WEATHER WATCH: Hurricane Irma swells to reach islands on Monday

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WEATHER WATCH: Hurricane Irma swells to reach islands on Monday

SINT MAARTEN/CARIBBEAN – Weather conditions in the Northern Leeward Islands of Antigua & Barbuda, St. Barths, Sint Maarten/St. Martin, Anguilla, Saba, St. Eustatius, St. Kitts & Nevis, will start to deteriorate on Tuesday evening as major Category 3 Hurricane Irma nears the islands.  Irma’s swells will start to begin affecting the northern Leeward Islands on Monday and can cause life threatening surf and rip currents. 

Hurricane Watches have been issued for a number of the Leeward Islands and preparations are well underway by the various populations from the territories and countries. 

Some strengthening is possible over the next 24 to 48 hours according to the National Hurricane Center (NHC) on Sunday.  Hurricane-force winds extend outward up to 35 miles and tropical storm force winds up to 140 miles.

Irma is now on a west to southwest track and on Monday is forecast to turn toward the west to northwest. This will determine on Monday evening how close Hurricane Irma will be to the northern Leeward Islands as it approaches on Tuesday.

Based on the Sunday evening forecast, major Hurricane Irma is expected to pass near the northern Leeward Islands with 140 mile per hour winds – Category 4.

A Hurricane Hunter NOAA aircraft has already traveled to the location of the hurricane in the Atlantic Ocean to carry out a number of test and observed that the system’s eye has a diameter of 25 nautical miles.

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  UPDATE - WEATHER WATCH: Irma a Small Hurricane, but still to become a Dangerous System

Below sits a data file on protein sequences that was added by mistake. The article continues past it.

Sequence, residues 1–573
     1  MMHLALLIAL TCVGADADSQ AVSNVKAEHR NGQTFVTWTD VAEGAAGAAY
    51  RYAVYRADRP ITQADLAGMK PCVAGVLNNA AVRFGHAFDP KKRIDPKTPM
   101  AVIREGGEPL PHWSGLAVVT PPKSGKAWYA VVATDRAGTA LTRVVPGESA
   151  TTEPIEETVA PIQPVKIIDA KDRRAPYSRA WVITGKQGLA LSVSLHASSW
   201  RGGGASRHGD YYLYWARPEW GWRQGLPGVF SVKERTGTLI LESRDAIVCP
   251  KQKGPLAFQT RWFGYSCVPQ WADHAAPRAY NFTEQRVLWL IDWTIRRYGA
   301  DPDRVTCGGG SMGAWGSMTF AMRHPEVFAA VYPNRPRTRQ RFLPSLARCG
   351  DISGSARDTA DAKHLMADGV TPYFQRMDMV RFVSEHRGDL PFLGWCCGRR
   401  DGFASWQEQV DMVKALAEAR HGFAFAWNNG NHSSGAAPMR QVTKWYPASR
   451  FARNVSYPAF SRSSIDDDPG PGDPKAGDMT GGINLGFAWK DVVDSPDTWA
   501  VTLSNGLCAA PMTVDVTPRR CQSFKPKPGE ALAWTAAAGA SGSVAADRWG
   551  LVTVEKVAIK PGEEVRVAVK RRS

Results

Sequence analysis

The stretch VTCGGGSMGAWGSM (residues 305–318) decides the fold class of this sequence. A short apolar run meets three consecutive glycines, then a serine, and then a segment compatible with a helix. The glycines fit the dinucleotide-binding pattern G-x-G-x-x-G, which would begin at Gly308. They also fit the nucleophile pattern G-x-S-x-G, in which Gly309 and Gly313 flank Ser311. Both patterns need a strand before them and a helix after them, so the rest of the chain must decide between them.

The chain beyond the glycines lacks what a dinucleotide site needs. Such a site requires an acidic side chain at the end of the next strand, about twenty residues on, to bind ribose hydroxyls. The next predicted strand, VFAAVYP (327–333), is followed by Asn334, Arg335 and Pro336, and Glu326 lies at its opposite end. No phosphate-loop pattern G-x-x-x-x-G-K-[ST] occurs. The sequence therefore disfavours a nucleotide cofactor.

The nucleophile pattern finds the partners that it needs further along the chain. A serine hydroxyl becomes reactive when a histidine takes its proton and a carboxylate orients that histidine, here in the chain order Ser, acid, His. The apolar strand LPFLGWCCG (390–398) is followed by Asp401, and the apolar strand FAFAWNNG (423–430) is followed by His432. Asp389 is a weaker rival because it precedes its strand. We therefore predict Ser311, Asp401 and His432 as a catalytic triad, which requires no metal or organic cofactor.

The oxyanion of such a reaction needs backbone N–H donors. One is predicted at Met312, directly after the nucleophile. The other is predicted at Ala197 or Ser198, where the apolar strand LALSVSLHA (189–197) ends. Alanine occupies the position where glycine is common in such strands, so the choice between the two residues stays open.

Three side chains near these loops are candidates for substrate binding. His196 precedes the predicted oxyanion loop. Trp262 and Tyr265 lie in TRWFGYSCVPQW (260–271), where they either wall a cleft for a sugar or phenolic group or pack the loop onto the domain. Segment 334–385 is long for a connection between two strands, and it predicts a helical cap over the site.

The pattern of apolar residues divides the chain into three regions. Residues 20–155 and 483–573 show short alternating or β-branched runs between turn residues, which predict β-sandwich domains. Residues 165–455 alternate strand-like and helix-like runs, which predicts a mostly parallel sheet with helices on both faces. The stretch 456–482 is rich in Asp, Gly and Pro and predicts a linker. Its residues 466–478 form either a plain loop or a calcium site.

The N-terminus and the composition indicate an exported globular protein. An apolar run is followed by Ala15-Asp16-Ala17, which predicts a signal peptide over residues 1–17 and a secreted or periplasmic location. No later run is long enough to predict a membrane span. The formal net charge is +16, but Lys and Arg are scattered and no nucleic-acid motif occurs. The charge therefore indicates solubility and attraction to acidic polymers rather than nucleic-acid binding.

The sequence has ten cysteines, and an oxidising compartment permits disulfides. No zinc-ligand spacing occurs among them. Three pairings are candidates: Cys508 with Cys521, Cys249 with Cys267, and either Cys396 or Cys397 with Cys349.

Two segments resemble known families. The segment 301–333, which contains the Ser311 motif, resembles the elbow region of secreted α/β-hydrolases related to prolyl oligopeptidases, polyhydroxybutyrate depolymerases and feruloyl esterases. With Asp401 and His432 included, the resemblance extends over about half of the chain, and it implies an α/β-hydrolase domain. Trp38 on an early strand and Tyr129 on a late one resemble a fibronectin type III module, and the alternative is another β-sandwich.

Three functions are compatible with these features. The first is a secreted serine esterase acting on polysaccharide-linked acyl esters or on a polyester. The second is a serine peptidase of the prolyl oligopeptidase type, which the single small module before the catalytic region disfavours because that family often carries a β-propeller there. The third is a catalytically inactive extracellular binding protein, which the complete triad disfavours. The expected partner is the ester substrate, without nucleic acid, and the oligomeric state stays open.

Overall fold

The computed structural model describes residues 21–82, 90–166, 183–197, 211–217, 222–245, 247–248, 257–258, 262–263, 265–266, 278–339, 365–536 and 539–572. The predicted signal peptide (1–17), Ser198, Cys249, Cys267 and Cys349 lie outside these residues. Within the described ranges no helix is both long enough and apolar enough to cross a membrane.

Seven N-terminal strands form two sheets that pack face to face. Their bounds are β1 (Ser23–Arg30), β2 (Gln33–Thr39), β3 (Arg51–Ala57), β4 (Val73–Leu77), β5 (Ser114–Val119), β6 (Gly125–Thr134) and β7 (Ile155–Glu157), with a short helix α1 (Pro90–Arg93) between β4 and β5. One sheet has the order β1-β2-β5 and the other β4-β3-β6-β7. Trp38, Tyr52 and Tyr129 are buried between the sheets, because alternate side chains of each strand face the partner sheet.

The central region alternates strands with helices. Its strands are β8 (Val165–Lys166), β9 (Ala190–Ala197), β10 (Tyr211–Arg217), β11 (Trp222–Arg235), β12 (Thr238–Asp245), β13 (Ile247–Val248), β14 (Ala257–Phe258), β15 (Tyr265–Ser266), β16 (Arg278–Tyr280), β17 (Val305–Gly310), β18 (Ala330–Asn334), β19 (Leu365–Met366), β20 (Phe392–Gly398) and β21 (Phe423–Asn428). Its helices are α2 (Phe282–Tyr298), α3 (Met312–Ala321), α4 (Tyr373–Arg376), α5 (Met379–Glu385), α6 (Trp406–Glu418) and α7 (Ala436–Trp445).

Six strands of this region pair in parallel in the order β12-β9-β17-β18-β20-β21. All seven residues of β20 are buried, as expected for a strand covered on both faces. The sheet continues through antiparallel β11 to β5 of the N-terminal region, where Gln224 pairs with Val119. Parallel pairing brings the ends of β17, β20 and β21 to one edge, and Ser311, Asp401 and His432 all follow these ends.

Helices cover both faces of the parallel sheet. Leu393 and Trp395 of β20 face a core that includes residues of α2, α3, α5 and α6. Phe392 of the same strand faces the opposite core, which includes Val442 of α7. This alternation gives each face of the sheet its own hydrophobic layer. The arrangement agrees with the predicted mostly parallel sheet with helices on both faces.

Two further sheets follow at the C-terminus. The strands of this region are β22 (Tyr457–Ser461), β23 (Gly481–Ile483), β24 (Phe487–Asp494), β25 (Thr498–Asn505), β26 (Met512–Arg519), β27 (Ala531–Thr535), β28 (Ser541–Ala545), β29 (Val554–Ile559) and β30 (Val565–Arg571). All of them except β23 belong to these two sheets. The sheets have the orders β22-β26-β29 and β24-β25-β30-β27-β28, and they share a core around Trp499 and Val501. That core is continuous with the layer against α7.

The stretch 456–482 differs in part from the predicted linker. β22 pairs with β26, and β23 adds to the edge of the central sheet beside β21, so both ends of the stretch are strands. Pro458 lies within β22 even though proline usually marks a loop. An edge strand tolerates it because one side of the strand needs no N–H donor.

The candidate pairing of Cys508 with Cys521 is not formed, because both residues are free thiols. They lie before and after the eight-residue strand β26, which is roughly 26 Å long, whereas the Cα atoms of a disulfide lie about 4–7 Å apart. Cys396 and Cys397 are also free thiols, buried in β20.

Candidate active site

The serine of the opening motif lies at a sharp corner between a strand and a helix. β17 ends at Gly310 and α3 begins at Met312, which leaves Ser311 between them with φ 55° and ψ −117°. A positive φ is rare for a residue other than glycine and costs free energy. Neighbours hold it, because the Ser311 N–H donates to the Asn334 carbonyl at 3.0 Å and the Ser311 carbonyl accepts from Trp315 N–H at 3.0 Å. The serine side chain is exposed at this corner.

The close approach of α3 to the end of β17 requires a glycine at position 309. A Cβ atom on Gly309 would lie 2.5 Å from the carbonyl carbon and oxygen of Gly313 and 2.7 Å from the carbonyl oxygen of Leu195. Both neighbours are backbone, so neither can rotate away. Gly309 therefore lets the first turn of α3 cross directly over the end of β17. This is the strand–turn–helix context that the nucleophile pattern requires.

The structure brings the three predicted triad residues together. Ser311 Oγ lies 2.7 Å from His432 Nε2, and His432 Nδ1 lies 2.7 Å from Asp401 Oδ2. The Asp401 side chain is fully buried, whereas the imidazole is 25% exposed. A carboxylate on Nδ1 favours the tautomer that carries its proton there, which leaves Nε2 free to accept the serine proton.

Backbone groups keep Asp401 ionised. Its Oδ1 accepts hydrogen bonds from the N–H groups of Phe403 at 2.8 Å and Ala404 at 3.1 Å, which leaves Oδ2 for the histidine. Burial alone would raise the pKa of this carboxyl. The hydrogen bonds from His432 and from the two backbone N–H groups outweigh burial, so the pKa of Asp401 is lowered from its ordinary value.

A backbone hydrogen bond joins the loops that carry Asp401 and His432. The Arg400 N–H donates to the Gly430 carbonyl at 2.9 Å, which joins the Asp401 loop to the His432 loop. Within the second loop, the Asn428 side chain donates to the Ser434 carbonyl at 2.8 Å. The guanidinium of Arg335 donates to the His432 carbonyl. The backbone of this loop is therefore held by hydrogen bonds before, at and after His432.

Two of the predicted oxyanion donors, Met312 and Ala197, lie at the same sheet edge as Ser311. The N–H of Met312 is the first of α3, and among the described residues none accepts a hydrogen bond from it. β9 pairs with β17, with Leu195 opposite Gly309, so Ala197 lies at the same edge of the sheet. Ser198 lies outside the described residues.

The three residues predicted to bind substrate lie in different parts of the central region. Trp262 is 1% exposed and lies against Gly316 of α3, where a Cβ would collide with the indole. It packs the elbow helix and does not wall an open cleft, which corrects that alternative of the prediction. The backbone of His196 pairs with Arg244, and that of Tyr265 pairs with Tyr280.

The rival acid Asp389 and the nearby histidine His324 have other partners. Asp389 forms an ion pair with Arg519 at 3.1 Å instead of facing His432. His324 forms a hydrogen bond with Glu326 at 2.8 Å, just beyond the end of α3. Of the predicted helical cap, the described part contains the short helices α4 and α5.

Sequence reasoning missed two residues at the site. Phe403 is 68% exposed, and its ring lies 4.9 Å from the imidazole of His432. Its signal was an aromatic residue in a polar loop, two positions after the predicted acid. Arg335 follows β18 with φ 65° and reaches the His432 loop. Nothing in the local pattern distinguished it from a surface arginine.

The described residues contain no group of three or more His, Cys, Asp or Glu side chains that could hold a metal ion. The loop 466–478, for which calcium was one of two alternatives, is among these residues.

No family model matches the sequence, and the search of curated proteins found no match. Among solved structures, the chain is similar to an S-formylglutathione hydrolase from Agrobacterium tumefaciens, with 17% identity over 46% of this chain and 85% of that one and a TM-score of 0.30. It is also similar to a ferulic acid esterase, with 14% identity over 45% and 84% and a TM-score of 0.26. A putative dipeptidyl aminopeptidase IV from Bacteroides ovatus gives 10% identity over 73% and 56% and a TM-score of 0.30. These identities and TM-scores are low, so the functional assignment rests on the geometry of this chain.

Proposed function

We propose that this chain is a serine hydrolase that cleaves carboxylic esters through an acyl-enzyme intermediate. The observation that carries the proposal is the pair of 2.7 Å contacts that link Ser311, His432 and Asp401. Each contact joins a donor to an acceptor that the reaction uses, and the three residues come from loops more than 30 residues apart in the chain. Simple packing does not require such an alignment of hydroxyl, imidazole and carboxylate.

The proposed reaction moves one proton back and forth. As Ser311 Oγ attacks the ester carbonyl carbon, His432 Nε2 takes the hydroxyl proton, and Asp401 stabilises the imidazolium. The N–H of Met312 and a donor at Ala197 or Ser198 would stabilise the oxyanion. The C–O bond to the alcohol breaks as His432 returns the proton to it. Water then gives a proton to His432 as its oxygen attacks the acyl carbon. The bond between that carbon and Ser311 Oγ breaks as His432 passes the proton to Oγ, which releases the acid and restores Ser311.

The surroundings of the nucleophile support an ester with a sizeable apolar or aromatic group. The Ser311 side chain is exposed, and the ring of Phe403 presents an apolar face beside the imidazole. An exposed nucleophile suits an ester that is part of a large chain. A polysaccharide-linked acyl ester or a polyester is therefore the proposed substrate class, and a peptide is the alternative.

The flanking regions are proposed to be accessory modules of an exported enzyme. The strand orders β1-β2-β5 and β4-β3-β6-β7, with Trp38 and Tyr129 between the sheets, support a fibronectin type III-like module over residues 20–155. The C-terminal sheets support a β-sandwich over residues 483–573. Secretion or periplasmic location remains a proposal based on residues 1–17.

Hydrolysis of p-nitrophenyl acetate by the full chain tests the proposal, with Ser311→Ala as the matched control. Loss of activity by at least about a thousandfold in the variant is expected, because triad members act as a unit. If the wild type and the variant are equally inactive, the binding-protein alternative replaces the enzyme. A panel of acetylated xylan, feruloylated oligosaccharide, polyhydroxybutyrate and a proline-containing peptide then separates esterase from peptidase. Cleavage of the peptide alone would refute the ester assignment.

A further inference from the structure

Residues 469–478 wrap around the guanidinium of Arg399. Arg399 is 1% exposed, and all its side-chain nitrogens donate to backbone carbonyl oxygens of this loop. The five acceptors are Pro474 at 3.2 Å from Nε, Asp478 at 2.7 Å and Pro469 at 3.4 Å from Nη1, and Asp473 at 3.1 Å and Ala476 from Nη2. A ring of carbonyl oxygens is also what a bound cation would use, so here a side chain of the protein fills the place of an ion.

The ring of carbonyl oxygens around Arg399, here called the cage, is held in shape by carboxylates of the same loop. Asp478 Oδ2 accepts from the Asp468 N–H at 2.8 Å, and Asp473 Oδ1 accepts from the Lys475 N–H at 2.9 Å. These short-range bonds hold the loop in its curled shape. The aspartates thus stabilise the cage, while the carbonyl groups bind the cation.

ARCHIVE, Saturday, September 2, SINT MAARTEN/CARIBBEAN – Hurricane Irma on Saturday morning was over 1200 miles east of the Leeward Islands tracking across the Atlantic Ocean towards the Caribbean. 

Irma has been described by the National Hurricane Center (NHC) as a small hurricane at this point in time.  Hurricane force winds extend outward from the center up to 25 miles, and tropical storm force winds extend 70 miles outward.  This is good news in the sense that the 110 miles per hour sustained hurricane force winds are within the 25-mile area.

The un-official approximate closest point of approach to Sint Maarten as of Saturday morning was approximately 148 miles on Wednesday afternoon, September 6.

Hurricane Irma is a Category 2 hurricane at this time and is expected to strengthen over the next few days to a major Category 3 or dangerous Category 4.  The system will undergo within the next 48 hours its track to the south due to the building of a high-pressure ridge. 

Once the ridge weakens, the hurricane will take a more west-northerly track and disaster management officials in the Leeward Islands will have a better idea on how close Irma will get to the islands.

The Leeward Islands stretch from the U.S. and British Virgin Islands in the north to Dominica in the south.

The NHC key message on Saturday is:

Irma is expected to be a major hurricane when it moves closer to the Lesser Antilles early next week, producing rough surf and rip currents. Irma could also cause dangerous wind, storm surge, and rainfall impacts on some islands, although it is too soon to specify where and when those hazards could occur.  Residents in the Lesser